That was just an idea because Murray is always hanging out in the music scene and is super approachable. We just sent him the idea and track and he was on board. Now he lends us guitars and stuff, it’s so cool! The Wiggles are actually really awesome when you think about it. Doing what they do would be so difficult, especially when the majority of your fans need to be in bed by 6. At the end of the day though, they’re just a touring band like any of us. When we hang out we just hang out telling tour stories like any band would. The Wiggles get so many attendees at their gigs it’s wild. For example, when Prince sells out Madison Square Garden, everyone will hear about it- it’ll be in the papers and whatever for ages. The broadcast news might even report on it. The Wiggles can sell out Madison Square nine times over and no one really hears about it, they’re a serious underdog of the music scene in that sense.
Given the popularity of bands such as Royal Blood, Polish Club and Hockey Dad along with the influential Death From Above 1979, in your opinion, are two member bands going to be something we’ll be seeing more of in the future? Are there inherent difficulties with this kind of set-up that makes it unattractive for most start-up bands?
We did it because we started out as a three piece and then our drummer left, so we just had difficulty finding people who wanted to do it full time and shared our vision. Sam and I are on the same page about how we want to approach everything and so it was easy for us. We figured out how to make the sound and layer stuff. We take a lot from other bands’ music, so this really helped us initially. Once we really started writing, it became such a hinderance for us being a two piece because we couldn’t necessarily play it live. Then we decided we would just write and figure out the live stuff later- it works a lot better that way. It’s a necessity for us the two-piece thing. It’s also a lot easier.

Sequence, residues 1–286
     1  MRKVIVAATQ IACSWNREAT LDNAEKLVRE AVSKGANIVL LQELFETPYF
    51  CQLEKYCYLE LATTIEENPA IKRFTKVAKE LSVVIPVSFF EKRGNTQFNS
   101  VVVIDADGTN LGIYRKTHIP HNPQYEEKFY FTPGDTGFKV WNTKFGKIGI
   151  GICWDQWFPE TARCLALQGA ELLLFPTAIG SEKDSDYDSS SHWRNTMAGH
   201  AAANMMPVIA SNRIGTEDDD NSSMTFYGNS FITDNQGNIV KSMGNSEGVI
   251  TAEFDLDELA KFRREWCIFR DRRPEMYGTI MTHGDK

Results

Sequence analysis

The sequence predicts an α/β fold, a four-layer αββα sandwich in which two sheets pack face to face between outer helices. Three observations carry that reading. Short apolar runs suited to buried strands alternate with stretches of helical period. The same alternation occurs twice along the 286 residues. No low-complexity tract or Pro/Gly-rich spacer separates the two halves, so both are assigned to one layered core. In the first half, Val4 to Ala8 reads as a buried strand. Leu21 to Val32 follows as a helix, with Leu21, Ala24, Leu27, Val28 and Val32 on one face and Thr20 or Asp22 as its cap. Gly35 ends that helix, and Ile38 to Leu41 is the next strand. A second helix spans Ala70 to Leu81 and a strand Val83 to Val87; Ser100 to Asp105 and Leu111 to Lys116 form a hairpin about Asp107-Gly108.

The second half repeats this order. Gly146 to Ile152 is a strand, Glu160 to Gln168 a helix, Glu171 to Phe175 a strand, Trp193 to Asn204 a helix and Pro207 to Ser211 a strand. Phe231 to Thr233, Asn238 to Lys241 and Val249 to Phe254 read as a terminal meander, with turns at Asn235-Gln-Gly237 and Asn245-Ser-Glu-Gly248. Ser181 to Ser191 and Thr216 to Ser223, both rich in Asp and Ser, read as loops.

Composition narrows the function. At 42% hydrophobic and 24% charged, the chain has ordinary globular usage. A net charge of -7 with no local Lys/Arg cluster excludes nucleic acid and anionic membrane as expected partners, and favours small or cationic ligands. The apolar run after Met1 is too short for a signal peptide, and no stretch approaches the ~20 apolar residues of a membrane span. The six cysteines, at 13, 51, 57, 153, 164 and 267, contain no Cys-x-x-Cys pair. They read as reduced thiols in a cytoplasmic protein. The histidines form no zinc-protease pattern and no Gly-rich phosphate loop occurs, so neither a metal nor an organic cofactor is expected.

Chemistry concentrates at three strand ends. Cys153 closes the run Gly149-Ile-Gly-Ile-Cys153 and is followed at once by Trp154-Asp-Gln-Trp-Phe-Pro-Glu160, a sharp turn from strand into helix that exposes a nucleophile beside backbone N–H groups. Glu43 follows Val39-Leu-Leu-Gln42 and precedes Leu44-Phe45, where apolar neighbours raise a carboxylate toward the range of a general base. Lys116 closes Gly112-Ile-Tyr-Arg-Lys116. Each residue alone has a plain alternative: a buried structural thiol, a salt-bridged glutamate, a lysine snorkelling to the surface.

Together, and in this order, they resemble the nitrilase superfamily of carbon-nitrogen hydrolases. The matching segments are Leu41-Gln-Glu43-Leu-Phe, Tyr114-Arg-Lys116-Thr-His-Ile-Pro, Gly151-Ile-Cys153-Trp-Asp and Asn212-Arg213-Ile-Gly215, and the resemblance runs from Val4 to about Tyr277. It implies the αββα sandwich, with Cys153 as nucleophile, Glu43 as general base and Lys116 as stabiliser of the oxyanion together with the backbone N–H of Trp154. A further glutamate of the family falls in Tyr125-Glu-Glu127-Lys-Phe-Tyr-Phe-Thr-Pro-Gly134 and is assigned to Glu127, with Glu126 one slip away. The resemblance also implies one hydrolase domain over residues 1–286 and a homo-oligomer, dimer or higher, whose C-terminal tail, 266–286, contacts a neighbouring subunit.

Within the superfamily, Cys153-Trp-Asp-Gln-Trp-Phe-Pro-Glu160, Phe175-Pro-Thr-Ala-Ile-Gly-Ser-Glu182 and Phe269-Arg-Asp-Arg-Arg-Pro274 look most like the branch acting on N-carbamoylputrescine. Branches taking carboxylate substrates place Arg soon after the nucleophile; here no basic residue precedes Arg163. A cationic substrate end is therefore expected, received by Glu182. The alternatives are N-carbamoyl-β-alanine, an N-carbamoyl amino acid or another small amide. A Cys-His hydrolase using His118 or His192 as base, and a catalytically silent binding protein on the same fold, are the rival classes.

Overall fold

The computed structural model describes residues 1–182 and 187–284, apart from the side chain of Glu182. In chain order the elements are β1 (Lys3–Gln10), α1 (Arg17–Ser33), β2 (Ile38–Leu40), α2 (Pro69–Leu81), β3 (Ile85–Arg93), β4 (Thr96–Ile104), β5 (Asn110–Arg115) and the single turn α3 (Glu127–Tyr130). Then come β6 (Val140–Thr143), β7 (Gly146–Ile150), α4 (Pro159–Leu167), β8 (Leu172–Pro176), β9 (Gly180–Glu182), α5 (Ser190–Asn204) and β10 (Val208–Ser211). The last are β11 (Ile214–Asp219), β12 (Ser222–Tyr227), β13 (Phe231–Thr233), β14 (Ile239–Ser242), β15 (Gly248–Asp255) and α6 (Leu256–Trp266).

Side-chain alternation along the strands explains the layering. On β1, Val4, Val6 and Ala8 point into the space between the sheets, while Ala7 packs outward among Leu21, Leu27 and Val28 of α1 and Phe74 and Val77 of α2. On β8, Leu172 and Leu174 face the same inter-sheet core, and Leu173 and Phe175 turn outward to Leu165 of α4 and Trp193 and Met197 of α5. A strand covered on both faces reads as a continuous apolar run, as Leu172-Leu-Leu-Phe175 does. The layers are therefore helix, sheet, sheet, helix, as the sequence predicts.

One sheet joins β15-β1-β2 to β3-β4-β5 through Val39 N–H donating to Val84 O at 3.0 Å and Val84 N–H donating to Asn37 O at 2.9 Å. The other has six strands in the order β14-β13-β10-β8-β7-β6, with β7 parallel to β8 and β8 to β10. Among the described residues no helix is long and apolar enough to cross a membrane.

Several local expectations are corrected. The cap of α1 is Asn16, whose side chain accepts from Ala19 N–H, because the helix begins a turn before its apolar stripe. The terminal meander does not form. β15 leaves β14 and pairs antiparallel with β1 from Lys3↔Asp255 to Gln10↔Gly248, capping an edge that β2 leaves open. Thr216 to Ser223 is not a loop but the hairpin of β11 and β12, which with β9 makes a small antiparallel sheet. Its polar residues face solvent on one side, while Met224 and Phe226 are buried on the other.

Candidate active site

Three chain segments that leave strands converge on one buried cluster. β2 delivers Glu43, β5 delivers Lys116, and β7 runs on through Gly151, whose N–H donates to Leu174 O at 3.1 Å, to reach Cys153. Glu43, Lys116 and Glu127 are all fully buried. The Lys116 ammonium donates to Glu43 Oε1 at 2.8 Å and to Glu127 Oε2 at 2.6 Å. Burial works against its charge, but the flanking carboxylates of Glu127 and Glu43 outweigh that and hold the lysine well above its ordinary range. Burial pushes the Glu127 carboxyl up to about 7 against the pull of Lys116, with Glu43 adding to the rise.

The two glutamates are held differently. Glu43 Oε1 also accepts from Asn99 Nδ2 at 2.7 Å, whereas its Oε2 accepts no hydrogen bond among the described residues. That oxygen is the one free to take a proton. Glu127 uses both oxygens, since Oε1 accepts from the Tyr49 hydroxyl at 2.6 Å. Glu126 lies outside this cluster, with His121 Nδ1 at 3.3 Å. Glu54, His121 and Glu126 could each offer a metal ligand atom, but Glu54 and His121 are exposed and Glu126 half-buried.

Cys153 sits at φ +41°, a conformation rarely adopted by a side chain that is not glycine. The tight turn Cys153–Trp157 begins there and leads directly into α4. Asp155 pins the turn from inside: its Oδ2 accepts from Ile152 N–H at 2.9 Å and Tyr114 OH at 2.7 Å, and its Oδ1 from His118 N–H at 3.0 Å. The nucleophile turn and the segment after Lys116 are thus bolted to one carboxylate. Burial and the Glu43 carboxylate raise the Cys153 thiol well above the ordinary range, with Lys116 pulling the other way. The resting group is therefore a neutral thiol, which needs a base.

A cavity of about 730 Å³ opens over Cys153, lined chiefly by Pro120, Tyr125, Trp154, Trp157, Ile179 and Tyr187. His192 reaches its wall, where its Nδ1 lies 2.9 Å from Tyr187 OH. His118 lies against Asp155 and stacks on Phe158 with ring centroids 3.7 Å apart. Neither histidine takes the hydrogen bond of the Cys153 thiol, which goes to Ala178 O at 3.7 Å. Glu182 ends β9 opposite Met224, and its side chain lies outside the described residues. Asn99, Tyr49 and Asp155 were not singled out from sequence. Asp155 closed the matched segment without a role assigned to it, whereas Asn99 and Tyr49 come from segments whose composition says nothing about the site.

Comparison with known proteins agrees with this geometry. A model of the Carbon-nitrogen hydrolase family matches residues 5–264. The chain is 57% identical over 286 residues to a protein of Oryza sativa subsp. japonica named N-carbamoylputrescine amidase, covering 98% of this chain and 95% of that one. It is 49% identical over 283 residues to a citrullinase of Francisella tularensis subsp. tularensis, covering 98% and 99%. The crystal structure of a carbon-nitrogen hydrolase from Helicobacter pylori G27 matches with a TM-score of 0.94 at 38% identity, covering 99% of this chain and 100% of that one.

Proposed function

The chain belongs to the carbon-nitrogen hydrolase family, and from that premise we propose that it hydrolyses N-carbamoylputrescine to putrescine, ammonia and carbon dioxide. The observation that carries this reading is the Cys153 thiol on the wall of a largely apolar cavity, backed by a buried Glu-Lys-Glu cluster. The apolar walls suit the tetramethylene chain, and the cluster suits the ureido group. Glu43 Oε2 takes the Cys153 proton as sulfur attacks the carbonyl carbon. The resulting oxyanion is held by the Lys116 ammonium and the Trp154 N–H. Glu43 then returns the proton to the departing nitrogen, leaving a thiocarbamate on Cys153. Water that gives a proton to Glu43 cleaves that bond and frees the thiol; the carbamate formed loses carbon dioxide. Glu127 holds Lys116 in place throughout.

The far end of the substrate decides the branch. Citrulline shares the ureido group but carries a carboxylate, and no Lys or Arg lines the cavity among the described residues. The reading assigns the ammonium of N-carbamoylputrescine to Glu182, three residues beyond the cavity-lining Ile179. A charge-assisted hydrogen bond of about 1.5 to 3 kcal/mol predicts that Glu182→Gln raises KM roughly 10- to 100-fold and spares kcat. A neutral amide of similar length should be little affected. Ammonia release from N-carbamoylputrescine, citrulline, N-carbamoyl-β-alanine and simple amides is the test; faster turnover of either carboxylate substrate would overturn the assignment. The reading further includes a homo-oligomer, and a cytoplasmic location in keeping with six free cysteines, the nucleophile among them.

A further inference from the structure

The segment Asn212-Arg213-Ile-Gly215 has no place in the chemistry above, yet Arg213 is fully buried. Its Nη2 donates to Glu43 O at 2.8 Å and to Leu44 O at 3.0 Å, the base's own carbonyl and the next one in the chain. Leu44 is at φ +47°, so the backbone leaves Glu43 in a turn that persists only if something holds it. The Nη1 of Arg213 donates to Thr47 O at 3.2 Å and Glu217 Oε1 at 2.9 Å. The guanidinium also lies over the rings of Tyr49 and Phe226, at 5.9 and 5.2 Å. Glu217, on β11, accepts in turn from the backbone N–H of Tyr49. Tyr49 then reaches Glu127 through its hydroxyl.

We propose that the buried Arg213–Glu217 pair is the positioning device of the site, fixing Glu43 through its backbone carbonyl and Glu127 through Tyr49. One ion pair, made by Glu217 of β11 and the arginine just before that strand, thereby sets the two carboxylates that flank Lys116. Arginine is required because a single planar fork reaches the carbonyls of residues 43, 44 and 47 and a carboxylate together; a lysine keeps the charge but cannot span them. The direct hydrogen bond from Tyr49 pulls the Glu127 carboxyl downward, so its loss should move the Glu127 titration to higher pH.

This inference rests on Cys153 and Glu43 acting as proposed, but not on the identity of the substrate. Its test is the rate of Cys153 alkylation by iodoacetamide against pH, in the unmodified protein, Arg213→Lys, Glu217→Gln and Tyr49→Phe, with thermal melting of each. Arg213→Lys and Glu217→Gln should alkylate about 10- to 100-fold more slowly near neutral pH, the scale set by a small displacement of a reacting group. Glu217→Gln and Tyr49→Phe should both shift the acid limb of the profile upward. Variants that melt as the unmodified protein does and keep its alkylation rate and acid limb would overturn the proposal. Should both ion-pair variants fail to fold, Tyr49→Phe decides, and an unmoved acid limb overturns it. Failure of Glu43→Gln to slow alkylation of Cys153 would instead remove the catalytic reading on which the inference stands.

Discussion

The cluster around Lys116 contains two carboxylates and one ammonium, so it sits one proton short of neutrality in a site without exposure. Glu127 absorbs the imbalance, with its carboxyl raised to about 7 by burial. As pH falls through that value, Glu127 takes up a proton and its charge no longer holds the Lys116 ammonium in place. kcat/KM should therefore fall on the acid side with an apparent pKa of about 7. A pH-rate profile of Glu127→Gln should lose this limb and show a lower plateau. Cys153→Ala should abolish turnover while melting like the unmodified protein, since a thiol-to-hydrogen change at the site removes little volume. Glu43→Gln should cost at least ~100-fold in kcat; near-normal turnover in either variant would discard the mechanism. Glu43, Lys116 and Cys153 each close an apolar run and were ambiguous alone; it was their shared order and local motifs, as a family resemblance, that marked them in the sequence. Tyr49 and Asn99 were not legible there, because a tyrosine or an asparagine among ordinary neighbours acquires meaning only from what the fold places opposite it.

Shane and I started another band called Velociraptor which I think has 12 official members, but we have 15–20 people in that band. When we play live we have have so many people on stage and that’s way harder to tour live with. Initially Velociraptor was a three piece, but then Shane and I were away on a show or something, so we just told Jeremy to get some friends in to play while Shane and I were away. But then those friends were also in a band so sometimes all of us would be on tour, so we’d have to get more friends in. But then sometimes we’d all be in town and we’d all play on stage together, and it was just way more fun that way.
Velociraptor has quite a different sound to DZ Deathrays. Do you have different influences? And do you have to be in a different mindset when you switch bands?
Well, with Velociraptor it’s kind of more Jeremy’s thing. As you say, it’s a bit more pop rock that’s the vibe throughout the outfit. I think a lot of it comes from him because he’s the main writer. Because there’s so many of us and we’re all really shit at learning songs, the less chords the better, and typically that makes for a catchier song.